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Surgeon General: We shouldn't allow 13-year-olds on social media

Recent research has shown frequent checking of social media can affect the development of adolescent brains.
Credit: AP
FILE - Surgeon General Dr. Vivek Murthy testifies before the Senate Finance Committee on Capitol Hill in Washington, Tuesday, Feb. 8, 2022, on youth mental health care. (AP Photo/Susan Walsh)

WASHINGTON — U.S. Surgeon General Vivek Murthy said Sunday he believes 13-year-olds shouldn't have access to social media, citing the damaging effects the platforms can have on their mental health. 

Most social media platforms, including major ones such as Twitter and Instagram, currently require users to be 13 or older to make an account. But most sites rely on the honor system to verify age, meaning younger children often have accounts. 

Murthy, the nation's top doctor, spoke on CNN Newsroom this weekend about his concerns about social media and young teens. 

“I, personally, based on the data I’ve seen, believe that 13 is too early," he said. "It’s a time where it’s really important for us to be thoughtful about what’s going into how they think about their own self-worth and their relationships and the skewed and often distorted environment of social media often does a disservice to many of those children."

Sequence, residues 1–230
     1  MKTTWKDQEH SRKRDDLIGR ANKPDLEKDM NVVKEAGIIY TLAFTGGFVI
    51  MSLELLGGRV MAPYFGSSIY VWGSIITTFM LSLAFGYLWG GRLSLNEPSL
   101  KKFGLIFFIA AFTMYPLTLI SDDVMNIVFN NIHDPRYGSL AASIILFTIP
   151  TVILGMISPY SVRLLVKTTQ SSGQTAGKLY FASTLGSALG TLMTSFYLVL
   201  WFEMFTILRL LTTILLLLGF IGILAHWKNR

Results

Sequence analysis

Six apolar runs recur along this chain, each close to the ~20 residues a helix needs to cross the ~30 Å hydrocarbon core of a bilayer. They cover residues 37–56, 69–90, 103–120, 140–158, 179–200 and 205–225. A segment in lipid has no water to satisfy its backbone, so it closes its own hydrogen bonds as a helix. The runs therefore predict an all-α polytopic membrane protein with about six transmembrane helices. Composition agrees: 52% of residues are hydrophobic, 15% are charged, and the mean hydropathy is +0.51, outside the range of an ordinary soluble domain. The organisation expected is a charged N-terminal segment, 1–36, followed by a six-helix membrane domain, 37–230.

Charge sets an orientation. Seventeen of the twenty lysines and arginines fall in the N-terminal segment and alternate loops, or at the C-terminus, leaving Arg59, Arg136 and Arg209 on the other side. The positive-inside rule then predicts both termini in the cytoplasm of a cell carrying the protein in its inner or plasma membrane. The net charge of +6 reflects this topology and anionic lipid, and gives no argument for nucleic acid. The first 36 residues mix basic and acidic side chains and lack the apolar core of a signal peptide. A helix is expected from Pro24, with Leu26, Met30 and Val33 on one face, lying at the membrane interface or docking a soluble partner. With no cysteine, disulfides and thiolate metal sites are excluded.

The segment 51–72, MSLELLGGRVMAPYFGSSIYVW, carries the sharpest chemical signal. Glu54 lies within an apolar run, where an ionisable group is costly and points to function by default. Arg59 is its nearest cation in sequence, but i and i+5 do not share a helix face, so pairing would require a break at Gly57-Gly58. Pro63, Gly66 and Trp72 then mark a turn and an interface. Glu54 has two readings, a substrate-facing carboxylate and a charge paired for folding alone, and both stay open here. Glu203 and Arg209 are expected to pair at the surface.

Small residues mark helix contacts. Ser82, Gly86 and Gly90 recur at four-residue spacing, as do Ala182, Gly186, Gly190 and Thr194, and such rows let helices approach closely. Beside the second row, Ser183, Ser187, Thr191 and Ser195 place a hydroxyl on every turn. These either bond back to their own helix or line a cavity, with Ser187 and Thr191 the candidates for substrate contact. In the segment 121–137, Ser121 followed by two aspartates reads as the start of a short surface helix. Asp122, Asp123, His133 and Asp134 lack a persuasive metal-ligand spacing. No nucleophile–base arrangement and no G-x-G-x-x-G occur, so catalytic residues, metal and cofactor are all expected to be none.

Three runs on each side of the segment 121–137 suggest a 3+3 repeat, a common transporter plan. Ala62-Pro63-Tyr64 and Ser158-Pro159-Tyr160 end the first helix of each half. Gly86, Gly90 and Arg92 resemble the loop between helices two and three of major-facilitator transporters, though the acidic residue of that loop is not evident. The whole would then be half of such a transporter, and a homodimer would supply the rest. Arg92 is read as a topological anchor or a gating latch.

Research published earlier this year indicates that frequent checking of social media can change how adolescent brains develop. The rise of social media has also coincided with the growth of mental health concerns among young people, including issues around body image and anxiety. 

Murthy acknowledged that it would be difficult to keep children off social media, but said parents could band together to enforce the idea that young teens should stay away from the sites. 

“If parents can band together and say you know, as a group, we’re not going to allow our kids to use social media until 16 or 17 or 18 or whatever age they choose, that’s a much more effective strategy in making sure your kids don’t get exposed to harm early,” he told CNN.

While Murthy's comments don't carry legal weight, they come as Congress and various government institutions raise concerns about TikTok, a popular social media app frequently used by young people. It has been banned from government devices in several states because of its ties to China's government and the potential dangers to children and their data.

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